The answer depends on the type of residential elevator you have. Here we address the 3 types we sell, install, and service.
Before Automatic Lowering Systems
But, first, let us discuss how it used to be before all home elevators had emergency battery lowering systems installed. This may be helpful information in case you ever encounter an outage in an older home elevator or commercial elevator.
Before today’s technologies gave homeowners complete peace of mind when riding in their elevators, when the electricity service went out the traditional hydraulic or traction elevator immediately and, most often, abruptly stopped where it is. Perhaps, between floors if you were riding in the elevator. While the sudden stop was likely disconcerting, it is an excellent safety feature as the elevators were (and are) equipped with electromagnetic brakes. Without an emergency battery lowering system installed, the cab with you safely locked inside remained stopped until the electricity came back on or a professional elevator technician comes to your rescue.
Behavior and mechanical solutions to power outages are different for traditional hydraulic or traction elevators and pneumatic vacuum elevators. We begin with traditional elevators. Jump to vacuum elevators.
How Electro Magnetic Brakes Work
The electromagnets (electrical coils) force the brakes to remain in the open position. While there is electricity, the brakes are held open.
By design when power ceases, the brakes automatically clamp shut, applying the brakes rapidly.
Thus, there is no worry about free fall when a traditional hydraulic elevator is maintained.
We Install Emergency Battery Lowering on All Our Traditional Elevators
While loss of power without such a safety system is no valid reason to panic, our human nature can get the best of us in situations in which we are not accustomed, like being stuck in an elevator. Power outages can take a long time. In a hurricane or heavy windstorm here in the Houston area, it can be days. So, we install automatic lowering systems using DC battery power so that the brakes do not engage with an abrupt stop.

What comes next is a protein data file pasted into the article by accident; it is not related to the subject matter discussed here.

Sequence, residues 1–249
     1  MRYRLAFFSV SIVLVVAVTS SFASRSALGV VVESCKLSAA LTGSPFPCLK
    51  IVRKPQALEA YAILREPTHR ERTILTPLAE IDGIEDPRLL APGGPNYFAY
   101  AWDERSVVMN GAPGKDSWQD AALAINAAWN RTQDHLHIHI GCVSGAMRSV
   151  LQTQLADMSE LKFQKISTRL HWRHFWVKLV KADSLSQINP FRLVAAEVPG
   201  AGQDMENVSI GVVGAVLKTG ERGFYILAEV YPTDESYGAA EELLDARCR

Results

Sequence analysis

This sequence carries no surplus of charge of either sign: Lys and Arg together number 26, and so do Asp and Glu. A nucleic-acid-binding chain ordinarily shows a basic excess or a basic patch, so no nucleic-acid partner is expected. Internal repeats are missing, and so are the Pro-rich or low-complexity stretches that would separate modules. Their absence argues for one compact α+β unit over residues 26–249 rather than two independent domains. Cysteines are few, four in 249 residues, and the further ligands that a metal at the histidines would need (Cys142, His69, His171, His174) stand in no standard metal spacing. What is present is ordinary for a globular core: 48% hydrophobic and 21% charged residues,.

This elevator’s automatic battery lowering system activates as soon as power is lost. Generally, the elevator will make one trip on battery power, in most cases the ground floor. The doors will open, and then the elevator will shut down. This allows you to swiftly exit, but the elevator remains unusable until power is restored.
After the Power Comes Back On
If the elevator does not resume operation following a power failure, do not re-enter it until it has been placed back in service by a licensed elevator technician. Elevators contain many electrical components that provide a smooth operation that should be evaluated for damage.
A power outage may involve flickers and power surges damage delicate components to fail. By design, fuses and breakers protect the more expensive components in this event. So, a blown fuses or tripped circuit breakers may be the sole source of failure. But a licensed elevator maintenance technician can test components and review information in the logs of the software that runs the elevator to make the appropriate repairs.
Pneumatic elevators work using gravity and air. Its design makes free fall impossible. When operating normally, you select a stop on a higher floor and then the vacuum pump engages to reduce the air pressure in the chamber above the cab. The now higher pressure below the cab pushes the cab upwards. While the vacuum pump is operating a to create low pressure above the car, it will rise.
During a power failure, the same design takes over naturally as no energy is required to descend. When the electricity is cut and the pump will no longer run, the air pressure above the car is no longer being vacuumed out to create low pressure and the car will be gently, actually more slowly than usual, pulled to the lowest floor by gravity. Note if the car is not in use, it will just stay where it is.
No battery back-up or lowering system is required.
Power outages highlight a big advantage of the vacuum elevator.